During the 1960s, scientists began discovering something interesting about evil. A series of “obedience experiments” demonstrated that a majority of people will commit cruel and inhumane acts if instructed to do so by a credible authority. This series of experiments began in 1961 under the supervision of Yale University psychologist Stanley Milgram. In Milgram’s experiments, subjects were asked to administer what they believed to be painful and potentially fatal electric shocks to an unseen student. The student was actually part of the research team and only pretended to be receiving painful electric shocks. But the research subjects didn’t know that, and 65 percent of them delivered what they believed to be the highest possible (and likely to be fatal) electric shock. In a post-experiment survey, 84 percent of the subjects who believed they were inflicting pain on another human being said they were glad to have participated in the study. Only 1 percent regretted the experience.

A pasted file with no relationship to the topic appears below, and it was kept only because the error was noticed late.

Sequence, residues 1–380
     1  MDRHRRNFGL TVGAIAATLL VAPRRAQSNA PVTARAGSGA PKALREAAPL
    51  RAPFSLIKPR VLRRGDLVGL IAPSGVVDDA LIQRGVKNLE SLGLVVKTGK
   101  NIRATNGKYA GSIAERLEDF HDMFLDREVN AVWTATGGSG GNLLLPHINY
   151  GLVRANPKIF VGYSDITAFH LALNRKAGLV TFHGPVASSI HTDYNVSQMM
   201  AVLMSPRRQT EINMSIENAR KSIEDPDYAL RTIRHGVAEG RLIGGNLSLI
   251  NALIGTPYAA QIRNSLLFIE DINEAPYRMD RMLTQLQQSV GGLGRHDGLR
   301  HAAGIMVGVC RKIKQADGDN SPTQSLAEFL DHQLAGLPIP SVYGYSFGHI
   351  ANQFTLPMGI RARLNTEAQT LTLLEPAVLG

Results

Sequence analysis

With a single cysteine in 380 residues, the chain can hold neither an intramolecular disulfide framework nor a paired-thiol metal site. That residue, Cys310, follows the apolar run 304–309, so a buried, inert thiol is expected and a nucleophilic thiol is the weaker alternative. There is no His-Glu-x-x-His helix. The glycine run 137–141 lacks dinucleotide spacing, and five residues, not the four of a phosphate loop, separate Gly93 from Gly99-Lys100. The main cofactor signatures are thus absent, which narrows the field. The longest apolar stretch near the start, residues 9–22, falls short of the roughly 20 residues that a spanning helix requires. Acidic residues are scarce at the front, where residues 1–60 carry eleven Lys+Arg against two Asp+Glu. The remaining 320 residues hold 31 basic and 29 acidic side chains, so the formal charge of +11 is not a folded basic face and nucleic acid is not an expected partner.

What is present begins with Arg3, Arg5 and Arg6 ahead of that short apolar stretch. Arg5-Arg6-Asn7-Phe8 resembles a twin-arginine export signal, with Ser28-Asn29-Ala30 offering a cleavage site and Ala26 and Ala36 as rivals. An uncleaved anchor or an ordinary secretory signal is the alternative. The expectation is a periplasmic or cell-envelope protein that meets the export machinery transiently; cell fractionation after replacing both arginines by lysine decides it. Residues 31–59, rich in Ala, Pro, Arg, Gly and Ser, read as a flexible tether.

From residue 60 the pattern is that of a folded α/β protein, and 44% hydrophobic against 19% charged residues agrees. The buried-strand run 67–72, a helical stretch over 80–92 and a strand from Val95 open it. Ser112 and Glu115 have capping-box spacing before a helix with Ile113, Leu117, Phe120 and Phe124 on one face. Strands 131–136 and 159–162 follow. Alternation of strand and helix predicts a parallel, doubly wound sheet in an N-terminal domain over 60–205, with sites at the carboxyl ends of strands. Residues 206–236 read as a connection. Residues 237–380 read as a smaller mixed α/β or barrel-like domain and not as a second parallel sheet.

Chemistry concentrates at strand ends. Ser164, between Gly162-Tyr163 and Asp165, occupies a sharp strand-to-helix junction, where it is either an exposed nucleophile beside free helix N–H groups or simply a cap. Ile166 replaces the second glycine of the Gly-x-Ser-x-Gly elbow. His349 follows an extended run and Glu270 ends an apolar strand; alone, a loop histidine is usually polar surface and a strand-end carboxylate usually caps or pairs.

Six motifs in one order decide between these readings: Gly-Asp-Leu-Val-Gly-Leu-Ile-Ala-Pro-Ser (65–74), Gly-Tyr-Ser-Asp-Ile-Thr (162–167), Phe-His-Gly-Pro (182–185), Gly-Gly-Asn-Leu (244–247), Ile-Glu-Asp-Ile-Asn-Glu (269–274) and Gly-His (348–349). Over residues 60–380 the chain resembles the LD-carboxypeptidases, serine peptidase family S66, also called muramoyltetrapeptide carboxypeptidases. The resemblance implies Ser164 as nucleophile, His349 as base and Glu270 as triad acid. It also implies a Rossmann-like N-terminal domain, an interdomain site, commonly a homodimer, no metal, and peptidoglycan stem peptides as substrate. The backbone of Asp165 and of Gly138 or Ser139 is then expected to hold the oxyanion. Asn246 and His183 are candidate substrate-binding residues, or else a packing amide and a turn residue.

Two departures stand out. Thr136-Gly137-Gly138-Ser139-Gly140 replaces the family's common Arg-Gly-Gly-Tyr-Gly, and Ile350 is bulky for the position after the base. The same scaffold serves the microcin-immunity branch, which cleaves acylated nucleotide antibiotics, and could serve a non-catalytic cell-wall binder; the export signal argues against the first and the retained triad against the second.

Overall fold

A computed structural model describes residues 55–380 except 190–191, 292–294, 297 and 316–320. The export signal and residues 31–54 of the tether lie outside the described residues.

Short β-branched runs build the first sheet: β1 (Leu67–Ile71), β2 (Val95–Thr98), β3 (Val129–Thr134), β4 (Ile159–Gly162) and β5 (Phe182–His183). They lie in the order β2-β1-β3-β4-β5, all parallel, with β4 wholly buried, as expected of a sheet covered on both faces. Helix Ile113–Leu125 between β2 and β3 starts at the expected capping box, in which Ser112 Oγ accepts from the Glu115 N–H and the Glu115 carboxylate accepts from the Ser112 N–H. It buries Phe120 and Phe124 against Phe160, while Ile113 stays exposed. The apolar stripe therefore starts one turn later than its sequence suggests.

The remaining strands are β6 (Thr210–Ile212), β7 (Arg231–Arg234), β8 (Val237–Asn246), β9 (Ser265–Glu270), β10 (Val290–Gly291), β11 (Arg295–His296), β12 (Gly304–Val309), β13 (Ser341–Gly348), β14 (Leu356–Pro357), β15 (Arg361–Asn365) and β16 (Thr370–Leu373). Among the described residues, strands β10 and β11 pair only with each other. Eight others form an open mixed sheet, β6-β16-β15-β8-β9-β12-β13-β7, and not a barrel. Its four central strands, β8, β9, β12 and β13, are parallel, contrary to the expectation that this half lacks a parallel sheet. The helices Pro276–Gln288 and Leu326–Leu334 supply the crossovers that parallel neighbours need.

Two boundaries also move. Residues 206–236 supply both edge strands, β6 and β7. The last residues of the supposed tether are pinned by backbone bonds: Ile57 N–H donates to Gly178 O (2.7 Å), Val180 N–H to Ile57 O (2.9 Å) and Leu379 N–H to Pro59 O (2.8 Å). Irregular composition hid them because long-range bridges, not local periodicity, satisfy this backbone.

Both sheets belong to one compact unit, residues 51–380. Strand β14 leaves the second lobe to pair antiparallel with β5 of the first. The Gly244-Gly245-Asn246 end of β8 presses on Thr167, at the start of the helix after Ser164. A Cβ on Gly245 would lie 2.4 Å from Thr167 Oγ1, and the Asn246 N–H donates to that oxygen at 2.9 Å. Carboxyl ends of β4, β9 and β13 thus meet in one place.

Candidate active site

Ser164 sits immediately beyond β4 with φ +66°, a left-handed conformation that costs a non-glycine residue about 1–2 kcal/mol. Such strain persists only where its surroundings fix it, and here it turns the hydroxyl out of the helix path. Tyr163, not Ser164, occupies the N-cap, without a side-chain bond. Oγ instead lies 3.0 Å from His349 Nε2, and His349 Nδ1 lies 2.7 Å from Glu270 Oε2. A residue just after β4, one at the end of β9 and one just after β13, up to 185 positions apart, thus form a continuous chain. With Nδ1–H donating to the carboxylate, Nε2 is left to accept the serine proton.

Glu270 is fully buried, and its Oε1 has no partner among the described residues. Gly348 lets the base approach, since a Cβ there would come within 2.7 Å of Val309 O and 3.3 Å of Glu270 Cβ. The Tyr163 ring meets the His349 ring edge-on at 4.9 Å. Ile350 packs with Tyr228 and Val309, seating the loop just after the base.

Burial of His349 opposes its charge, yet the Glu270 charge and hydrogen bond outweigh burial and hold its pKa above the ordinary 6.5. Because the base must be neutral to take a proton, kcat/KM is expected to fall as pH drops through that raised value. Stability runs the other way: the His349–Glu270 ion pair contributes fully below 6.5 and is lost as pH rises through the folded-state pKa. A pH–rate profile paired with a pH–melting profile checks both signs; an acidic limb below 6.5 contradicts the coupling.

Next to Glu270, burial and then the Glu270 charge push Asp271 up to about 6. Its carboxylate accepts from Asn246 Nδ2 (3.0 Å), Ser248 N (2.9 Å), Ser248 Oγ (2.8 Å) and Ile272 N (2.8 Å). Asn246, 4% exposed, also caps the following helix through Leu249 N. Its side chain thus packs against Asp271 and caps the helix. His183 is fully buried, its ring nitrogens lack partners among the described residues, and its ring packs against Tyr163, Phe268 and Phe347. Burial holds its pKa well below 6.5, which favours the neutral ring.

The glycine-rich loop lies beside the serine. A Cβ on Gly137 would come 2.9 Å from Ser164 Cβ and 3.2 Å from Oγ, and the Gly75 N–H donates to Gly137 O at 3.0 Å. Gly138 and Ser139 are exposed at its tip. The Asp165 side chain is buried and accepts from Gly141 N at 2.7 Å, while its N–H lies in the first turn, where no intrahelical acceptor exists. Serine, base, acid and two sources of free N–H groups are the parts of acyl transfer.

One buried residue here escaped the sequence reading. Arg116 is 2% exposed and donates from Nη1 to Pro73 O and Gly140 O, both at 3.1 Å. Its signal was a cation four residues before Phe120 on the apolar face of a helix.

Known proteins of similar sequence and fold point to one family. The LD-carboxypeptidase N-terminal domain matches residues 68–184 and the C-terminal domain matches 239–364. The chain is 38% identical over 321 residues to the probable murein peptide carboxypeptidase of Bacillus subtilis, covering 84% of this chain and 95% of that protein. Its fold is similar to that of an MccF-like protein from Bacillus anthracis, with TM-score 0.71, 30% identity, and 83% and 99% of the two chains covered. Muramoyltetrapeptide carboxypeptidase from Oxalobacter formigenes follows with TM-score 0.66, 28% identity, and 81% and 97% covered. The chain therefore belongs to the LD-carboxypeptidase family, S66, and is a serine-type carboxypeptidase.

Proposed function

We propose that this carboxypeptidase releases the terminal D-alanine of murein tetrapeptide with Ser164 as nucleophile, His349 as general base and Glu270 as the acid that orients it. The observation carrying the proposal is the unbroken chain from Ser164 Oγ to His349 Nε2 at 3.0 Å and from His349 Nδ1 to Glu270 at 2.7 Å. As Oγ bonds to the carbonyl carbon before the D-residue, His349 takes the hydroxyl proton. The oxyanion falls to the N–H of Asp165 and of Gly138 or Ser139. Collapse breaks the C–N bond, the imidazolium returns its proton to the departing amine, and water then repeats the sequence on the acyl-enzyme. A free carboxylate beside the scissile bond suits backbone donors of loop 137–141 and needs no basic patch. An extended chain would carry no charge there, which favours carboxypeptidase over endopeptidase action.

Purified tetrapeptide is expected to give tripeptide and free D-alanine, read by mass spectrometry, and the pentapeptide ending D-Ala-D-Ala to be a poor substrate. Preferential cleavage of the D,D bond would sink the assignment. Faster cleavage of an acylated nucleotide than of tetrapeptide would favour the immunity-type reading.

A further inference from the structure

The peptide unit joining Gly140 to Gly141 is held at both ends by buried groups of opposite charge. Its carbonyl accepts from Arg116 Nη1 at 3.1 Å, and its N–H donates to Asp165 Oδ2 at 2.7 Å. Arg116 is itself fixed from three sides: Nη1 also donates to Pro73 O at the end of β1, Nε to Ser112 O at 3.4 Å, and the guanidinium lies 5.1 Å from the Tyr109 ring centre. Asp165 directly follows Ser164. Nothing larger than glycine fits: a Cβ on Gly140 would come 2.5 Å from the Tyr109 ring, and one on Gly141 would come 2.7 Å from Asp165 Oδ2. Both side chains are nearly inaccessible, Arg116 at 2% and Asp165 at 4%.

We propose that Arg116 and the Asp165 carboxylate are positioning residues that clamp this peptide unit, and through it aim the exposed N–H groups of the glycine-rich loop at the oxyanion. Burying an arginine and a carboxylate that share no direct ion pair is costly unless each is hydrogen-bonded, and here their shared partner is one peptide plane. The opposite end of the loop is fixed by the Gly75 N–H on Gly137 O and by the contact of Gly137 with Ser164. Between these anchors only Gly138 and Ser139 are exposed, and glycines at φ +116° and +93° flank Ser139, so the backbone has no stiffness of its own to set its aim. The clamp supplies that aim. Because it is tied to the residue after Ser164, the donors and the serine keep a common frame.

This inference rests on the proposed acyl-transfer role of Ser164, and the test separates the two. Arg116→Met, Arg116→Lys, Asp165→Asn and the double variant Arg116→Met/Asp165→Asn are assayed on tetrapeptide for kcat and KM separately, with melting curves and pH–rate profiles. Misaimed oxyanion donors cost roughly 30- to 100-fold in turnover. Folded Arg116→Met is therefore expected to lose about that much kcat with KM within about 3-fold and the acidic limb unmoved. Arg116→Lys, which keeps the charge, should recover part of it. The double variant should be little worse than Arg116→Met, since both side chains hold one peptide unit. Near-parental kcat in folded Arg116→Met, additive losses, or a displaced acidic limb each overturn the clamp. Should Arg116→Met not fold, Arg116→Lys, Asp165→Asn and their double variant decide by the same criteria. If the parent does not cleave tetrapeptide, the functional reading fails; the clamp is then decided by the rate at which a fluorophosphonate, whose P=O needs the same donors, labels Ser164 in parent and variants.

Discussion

These experiments were not controlled for faith—scientific experiments rarely are. But they should have been. A subject who believed in a higher authority that forbids cruel behavior might have been less likely to engage in such behavior than a subject who held no such belief. The reader may ask whether we can’t just assume that some of the subjects must have been Christians even though only 1 percent regretted having participated in the experiment. But such an assumption is risky because university-based studies usually select subjects from a biased population, such as students or employees at a liberal, nonreligious educational institution. Furthermore, even subjects who would self-identify as Christians might not be that committed to the teachings of their faith. The only way to know the extent to which subjects were committed to faith would have been to ask them. In any event, by showing that obedience to human authority can make most people behave in evil ways, these experiments serve to emphasize society’s need for a belief in a higher authority that disapproves of evil behavior.